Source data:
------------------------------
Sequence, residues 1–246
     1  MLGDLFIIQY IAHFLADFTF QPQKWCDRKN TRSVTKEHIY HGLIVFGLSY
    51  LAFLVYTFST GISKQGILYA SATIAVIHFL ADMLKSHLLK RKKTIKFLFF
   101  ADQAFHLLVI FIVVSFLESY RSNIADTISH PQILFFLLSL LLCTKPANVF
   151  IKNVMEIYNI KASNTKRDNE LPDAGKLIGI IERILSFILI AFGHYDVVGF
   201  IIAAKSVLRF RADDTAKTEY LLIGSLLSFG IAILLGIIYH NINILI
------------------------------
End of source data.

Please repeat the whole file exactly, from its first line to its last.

Sequence, residues 1–246
     1  MLGDLFIIQY IAHFLADFTF QPQKWCDRKN TRSVTKEHIY HGLIVFGLSY
    51  LAFLVYTFST GISKQGILYA SATIAVIHFL ADMLKSHLLK RKKTIKFLFF
   101  ADQAFHLLVI FIVVSFLESY RSNIADTISH PQILFFLLSL LLCTKPANVF
   151  IKNVMEIYNI KASNTKRDNE LPDAGKLIGI IERILSFILI AFGHYDVVGF
   201  IIAAKSVLRF RADDTAKTEY LLIGSLLSFG IAILLGIIYH NINILI